Sunday, March 24, 2013

Waiting for dokkens

Amanda sent me this photo earlier in the week and I asked if I could post it here.

Apparently, Tobago did this while "waiting" his turn when Amanda was outside doing some field training with her other Toller Trini.

It is an excellent illustration of what I mean when I say Tollers sometimes lack impulse control, though we love them anyway.

Thursday, March 21, 2013

Positively impacting the health of your Toller

Since we believe we'll soon be welcoming our newest litter, lately I’ve been spending a lot of time talking about the things we can do to positively impact the health of our Tollers. I recently came across an article which does a great job of summing up many of the things I’ve been saying for years: Much of this is included in the information we send home with our puppy people, but I thought it  worth reviewing here as well.


What you feed your Toller has a direct impact on his health. We feed our Tollers a raw diet and advocate the same for our puppy people, but will recommend quality dry food options for those uninterested or unwilling to make this change. Rather than reiterate points other authors have already made, please review the following link for a relatively balanced review of raw diet pros and cons:

Here’s another good article on the benefits of raw feeding:

If you want to commit to a raw diet but don’t have time to do it all from scratch, there are many options available. Our dogs are mostly fed Bravo and have been for some years: Please note not all of Bravo’s offerings are balanced; some should be considered building blocks you will need to balance with additions. Another raw diet option we have used with success is Steve’s Real Food:

This is a great list which discusses raw and cooked canine diets: Or you can hire the list owner to formulate one for you: She also sells books which teach you how to balance diets on your own.


We generally come off as “unconventional” (a nice word for oddball) on this front compared to what most people are used to hearing when they talk to other breeders or vets who often encourage spay/neuter between 6-12 months. Some breeders may even  require it contractually though we do not, even if you never intend to show or breed and are just looking for a pet. Studies done in recent years show that hormones play an important role in health, and spaying or neutering your Toller (or any dog) at an early age can have a negative impact. In recent years we’ve been encouraging our puppy people to wait a minimum of 15-18 months before taking this step, and would prefer you wait until they are at least two years old. We figure if we’re going to trust you with one of our puppies in the first place, we also trust you to be a careful steward of their reproductive system.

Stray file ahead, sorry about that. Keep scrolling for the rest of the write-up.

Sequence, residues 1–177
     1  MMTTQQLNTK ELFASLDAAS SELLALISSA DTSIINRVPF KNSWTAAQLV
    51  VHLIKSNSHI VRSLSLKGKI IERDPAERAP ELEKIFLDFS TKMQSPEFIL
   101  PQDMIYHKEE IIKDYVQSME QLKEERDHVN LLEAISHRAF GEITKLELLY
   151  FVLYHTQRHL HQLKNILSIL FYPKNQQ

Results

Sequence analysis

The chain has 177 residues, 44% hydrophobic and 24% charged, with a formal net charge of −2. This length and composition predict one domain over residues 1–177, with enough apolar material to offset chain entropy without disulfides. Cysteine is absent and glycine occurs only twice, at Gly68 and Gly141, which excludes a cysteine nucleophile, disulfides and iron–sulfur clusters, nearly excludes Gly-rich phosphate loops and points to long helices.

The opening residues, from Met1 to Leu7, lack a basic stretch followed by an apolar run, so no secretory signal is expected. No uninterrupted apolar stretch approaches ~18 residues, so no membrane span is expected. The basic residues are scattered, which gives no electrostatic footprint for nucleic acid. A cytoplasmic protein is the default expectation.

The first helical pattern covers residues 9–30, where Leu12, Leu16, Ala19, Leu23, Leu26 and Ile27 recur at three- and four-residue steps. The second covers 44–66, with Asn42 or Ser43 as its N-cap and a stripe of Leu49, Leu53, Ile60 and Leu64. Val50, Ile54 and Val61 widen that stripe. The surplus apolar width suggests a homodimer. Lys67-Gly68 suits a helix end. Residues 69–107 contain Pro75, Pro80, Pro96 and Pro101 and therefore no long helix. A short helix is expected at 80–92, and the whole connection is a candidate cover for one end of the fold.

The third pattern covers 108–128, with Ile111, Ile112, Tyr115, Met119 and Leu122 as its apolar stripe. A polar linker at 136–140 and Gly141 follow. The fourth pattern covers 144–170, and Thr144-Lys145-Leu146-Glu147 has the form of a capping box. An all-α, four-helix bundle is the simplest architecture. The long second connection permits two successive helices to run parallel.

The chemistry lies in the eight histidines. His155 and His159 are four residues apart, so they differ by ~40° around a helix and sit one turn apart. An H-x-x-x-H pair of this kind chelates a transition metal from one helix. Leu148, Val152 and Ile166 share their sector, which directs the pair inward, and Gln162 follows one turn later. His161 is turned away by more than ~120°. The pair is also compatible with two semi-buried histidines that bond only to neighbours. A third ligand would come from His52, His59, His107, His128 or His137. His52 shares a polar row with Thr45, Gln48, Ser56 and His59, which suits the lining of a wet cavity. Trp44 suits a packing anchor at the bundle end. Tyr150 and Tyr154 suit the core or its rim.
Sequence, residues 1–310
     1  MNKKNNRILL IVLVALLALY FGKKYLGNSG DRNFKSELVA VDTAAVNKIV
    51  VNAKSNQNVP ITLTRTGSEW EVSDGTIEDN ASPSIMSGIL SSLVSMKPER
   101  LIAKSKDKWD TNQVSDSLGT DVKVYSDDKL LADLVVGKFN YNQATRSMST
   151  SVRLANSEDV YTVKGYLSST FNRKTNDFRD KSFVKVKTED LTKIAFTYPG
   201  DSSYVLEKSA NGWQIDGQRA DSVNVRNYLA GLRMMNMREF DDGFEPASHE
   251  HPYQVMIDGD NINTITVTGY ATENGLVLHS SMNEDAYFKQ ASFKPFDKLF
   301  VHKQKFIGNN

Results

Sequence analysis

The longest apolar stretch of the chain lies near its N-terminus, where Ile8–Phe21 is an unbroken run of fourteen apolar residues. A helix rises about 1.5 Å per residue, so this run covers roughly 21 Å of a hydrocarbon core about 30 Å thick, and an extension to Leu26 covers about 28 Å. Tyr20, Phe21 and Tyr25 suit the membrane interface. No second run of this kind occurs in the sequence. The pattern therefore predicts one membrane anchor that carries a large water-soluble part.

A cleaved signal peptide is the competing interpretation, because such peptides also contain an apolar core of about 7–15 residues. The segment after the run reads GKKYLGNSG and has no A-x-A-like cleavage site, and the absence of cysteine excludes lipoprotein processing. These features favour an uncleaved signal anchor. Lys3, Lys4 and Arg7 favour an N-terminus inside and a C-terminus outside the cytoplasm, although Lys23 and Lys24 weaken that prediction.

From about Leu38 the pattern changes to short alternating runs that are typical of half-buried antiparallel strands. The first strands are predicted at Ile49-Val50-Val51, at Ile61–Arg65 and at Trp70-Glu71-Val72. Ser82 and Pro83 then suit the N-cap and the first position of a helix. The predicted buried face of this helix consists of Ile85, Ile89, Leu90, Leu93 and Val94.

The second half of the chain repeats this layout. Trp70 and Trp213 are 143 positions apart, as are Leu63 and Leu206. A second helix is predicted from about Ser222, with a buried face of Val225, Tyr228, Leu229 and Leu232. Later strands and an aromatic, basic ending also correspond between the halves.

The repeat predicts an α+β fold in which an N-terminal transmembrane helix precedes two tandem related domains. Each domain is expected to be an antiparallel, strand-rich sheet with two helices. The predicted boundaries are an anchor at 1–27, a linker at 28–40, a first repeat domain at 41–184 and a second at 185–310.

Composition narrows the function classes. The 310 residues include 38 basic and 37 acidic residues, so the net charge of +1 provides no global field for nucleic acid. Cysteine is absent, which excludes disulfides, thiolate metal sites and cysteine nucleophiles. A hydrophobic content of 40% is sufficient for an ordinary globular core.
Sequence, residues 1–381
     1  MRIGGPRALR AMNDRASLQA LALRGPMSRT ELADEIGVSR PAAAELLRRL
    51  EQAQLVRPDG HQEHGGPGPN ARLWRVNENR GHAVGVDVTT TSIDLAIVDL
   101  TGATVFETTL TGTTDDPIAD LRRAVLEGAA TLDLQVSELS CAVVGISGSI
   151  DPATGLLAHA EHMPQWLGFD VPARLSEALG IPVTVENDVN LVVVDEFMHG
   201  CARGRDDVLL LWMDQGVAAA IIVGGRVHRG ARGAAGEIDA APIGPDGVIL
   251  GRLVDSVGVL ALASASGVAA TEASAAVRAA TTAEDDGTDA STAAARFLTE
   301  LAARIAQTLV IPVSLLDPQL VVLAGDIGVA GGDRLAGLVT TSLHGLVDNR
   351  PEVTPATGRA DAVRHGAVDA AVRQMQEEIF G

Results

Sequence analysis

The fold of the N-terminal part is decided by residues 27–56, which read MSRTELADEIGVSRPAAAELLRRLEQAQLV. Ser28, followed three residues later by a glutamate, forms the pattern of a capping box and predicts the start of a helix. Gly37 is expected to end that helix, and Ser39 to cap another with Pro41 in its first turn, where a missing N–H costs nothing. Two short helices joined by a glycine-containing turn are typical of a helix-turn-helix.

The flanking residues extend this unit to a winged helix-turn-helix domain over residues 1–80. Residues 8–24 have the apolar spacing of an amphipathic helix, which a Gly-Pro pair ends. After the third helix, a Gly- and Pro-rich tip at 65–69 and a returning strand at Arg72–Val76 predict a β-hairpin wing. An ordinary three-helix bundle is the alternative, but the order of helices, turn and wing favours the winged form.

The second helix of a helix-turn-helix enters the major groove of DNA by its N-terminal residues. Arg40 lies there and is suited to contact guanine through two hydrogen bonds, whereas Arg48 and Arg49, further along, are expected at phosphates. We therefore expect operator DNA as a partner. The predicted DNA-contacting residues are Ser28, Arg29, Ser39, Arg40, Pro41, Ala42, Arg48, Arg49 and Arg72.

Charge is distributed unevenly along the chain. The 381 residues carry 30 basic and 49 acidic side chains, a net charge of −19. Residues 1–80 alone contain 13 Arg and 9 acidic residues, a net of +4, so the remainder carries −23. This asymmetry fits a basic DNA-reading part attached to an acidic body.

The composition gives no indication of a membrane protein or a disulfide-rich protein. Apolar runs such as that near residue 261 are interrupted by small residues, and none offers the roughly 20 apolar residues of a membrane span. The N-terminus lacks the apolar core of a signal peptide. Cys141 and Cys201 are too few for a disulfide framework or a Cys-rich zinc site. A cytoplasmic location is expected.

Want more information? Read on!

Don’t Neuter Your Dog YET:
Long-Term Health Risks and Benefits Associated with Spay / Neuter in Dogs:
Golden retriever study suggests neutering affects dog health: (detailed study results are here:


We believe in minimal vaccinations for Tollers. This is a breed noted for a higher than average frequency of auto immune diseases, and vaccinations are one thing we believe can trigger an auto immune reaction. We vaccinate our puppies with a parvo/distemper/corona combo as close to 9 weeks as possible. We recommend you do not vaccinate again until your puppy is 13 weeks old. Approximately four weeks after the second set of vaccinations (so around 16-17 weeks) we recommend you run parvo and distemper titers on your puppy vs. getting a third set of shots. Somewhere between four and six months you will be required to have your puppy vaccinated for rabies. We recommend the rabies vaccination be administered during a separate visit from the other puppy shots.

WSAVA Vaccination Guidelines:

Dr. Jean Dodds vaccination protocols (we actually do a bit less than this currently):

Taking the risk out of puppy shots:
Learn about titers:

Why we don't recommend the leptospirosis vaccine:

Tuesday, March 5, 2013

June in flannel revisited

This picture is from January but I haven't had much time to blog in the past few months. Lark is also lounging on the bed but notably NOT underneath any of the flannel bedding. One of them is also responsible for the flipped back covers and rumpled comforter. That will teach us to keep the bedroom door closed. Okay, it probably won't. Someday I'd like to see exactly how June goes from freshly made bed to being ensconced in flannel.